June 22, 2023 - Russia-Ukraine news

By Tara Subramaniam, Christian Edwards, Aditi Sangal, Adrienne Vogt and Maureen Chowdhury, CNN

Updated 12:03 a.m. ET, June 23, 2023
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8:06 a.m. ET, June 22, 2023

Kremlin denies Zelensky claim Russia is “considering” attack on Zaporizhzhia nuclear plant

From CNN’s Olga Voitovych in Kyiv and Anna Chernova

The Zaporizhzhia Nuclear Power Plant in the Zaporizhzhia region, Russian-controlled Ukraine, on March 29.
The Zaporizhzhia Nuclear Power Plant in the Zaporizhzhia region, Russian-controlled Ukraine, on March 29. Alexander Ermochenko/Reuters

The Kremlin has denied a claim made by Ukrainian President Volodymyr Zelensky that Russia is “considering” a “terrorist attack” at the Zaporizhzhia nuclear power plant (ZNPP) in occupied southern Ukraine.

Zelensky made the allegation in a video message published by his office, in which he said that Ukrainian intelligence “has received information that Russia is considering a scenario of a terrorist attack at the Zaporizhzhia nuclear power plant.”

Zelensky said they believed the alleged attack would involve “radiation leakage.”

Kremlin spokesperson Dmitry Peskov refuted Zelensky’s claim in his regular press briefing on Thursday.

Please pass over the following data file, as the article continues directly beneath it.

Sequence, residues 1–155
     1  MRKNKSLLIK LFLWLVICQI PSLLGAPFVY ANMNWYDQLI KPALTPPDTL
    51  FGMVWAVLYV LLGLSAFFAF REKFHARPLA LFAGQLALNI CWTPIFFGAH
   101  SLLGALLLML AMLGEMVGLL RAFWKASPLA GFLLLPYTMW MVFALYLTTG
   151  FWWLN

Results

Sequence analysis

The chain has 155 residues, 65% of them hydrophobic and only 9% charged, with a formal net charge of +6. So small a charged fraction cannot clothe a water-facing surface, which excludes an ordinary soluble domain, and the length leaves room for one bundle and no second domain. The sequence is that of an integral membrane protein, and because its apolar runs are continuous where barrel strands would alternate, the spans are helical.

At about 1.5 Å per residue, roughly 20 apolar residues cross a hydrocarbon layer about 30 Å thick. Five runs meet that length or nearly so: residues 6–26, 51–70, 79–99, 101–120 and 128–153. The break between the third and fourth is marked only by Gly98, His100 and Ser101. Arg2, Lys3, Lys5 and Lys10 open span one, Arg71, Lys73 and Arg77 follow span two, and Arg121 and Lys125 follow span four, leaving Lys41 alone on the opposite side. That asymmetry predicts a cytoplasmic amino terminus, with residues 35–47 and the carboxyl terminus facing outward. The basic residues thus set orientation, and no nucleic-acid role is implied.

“This is another lie,” Peskov said. “You know, there have just been contacts with the IAEA (International Atomic Energy Agency) there, on the ground. A very high assessment from the IAEA. They saw everything – everything they wanted to see.”

Ukraine's military intelligence chief, Kyrylo Budanov, told state TV on Tuesday that the Russians had mined the Zaporizhzhia plant.

“And the most horrifying part is that a cooler is mined. If they disable it by blowing it up… there is a great chance that there will be significant problems," Budanov said.

Safety fears: The ZNNP is the largest in Europe. Fighting around the plant as Russia occupied the region last year sparked fear that it could be the site of another nuclear accident in Ukraine.

Those fears have grown since the recent breach of the Nova Kakhovka reservoir – a source of the water used to cool the reactors at the plant.

IAEA director Rafael Grossi said Wednesday that staff at the plant are “exploring alternative ways of getting water” in light of the dam breach.

6:49 a.m. ET, June 22, 2023

US “extremely disappointed” by Gershkovich appeal rejection

From CNN's Jo Shelley in London